Title: The Heart of Aromatherapy: An Easy-to-Use Guide for Essential Oils
Author: Andrea Butje
Publisher: Hay House
Release Date: January 17, 2017
Pages: 288
Book Source: Soft Cover

Over 100 recipes are included to support skin care, rest and relaxation, respiratory health, digestion, pain relief, meditation and contemplation, and even natural cleaning. Kid-friendly adjustments accompany each recipe to ensure safe usage and a healthy home environment for all ages.

Take an up-close and personal peek at essential oil distillers around the world as they describe the passion, work, and meticulous care they put into creating their homegrown products. Andrea walks you through what you need to know to select quality essential oils from trustworthy sources.

By the end of this book, you will know which oils you want to turn to for different needs, whether physical or emotional, and you will be able to personalize aromatherapy blends to perfectly complement your mood and spirit. With only the most essential of resources, you can invigorate your mind, body, heart, and home.

My Review:

I’ve been dabbling in aromatherapy for about five years now, and have looked at a lot of books dealing with the subject, but have not bought a lot. I ordered The Heart of Aromatherapy for our library (one of the perks of working there), so I could look it over and see if this would be one I was interested in buying for myself. And I’m happy to say that I did.

Andrea Butje ends each chapter with a story about the oil, acting as if it were a person what type of job it would have (yoga studio owner, health food store owner, etc…), and what type of products it would have at its shop. At first I thought it was kind of silly, and it turned me off. But by the time I got to the fourth story, I decided this was actually a great way to talk about the oil, because it would make it more memorable.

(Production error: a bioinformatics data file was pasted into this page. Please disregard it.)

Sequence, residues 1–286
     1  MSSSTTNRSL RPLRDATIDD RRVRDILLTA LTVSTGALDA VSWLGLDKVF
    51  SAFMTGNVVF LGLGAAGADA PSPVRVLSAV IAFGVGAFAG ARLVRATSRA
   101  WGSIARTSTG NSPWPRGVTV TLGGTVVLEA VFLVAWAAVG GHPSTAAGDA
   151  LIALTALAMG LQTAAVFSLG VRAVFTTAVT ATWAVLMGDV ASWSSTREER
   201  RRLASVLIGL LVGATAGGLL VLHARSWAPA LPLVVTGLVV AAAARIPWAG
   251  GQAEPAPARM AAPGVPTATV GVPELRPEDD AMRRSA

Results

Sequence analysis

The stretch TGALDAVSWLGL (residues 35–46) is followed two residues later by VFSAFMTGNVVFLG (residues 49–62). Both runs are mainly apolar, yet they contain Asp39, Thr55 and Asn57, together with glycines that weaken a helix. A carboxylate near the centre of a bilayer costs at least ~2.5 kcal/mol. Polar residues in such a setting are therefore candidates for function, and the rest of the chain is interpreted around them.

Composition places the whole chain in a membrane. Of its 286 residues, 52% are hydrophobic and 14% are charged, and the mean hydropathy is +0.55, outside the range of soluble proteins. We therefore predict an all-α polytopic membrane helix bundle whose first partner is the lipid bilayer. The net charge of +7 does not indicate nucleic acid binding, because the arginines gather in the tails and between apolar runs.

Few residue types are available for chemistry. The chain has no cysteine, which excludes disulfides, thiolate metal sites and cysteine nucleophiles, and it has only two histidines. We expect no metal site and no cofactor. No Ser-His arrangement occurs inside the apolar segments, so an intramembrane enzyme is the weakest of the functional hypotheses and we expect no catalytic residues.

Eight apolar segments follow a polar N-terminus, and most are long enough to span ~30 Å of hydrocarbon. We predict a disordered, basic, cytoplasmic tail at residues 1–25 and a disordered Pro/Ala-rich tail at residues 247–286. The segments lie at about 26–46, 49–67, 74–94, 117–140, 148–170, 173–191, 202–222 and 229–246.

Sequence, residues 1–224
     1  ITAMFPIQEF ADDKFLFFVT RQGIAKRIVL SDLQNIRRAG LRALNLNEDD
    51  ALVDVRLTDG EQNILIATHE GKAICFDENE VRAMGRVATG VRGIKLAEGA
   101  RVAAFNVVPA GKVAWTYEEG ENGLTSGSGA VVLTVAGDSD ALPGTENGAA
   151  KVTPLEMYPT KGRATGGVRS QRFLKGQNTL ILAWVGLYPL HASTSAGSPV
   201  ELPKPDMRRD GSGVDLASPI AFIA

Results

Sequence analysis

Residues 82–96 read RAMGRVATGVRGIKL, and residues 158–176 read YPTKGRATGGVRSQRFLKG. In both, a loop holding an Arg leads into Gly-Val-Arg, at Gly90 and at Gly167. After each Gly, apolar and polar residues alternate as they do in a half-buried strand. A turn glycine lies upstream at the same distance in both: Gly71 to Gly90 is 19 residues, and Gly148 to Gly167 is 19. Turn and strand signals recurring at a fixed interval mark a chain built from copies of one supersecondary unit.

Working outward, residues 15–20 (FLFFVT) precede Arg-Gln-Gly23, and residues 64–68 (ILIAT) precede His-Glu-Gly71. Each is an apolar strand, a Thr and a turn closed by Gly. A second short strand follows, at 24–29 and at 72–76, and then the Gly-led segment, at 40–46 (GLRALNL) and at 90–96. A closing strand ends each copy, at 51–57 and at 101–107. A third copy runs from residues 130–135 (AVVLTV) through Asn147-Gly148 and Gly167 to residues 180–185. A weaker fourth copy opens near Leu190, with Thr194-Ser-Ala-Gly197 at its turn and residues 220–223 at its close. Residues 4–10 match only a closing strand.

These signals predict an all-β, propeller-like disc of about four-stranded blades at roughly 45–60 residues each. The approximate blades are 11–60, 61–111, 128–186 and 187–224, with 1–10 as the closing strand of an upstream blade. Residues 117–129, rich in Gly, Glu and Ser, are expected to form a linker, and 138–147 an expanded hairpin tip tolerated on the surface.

Besides the oil’s story, each chapter contains the common name, Latin name, aroma (how it smells), aroma note (top, middle or base), what products it’s best used in, what other oils it goes well with, and any safety concerns.

Butje talks about 40 different oils and carriers for the oils. I do believe the 40 oils are the ones that she focuses on in if you were to join her school and get certified in aromatherapy. She also includes a dilution guideline, and information in regards to safety for children, pets, the elderly, and pregnant women.

The last half of the book includes over 100 recipes for beauty products, cleaning products, inhalers, diffuser blends and more. Along with resources and a bibliography.

As I mentioned before, I’ve looked through a lot of aromatherapy books, but have found only a handful that I’ve thought were a good enough resource to purchase. The fact that I bought this one for myself says everything!

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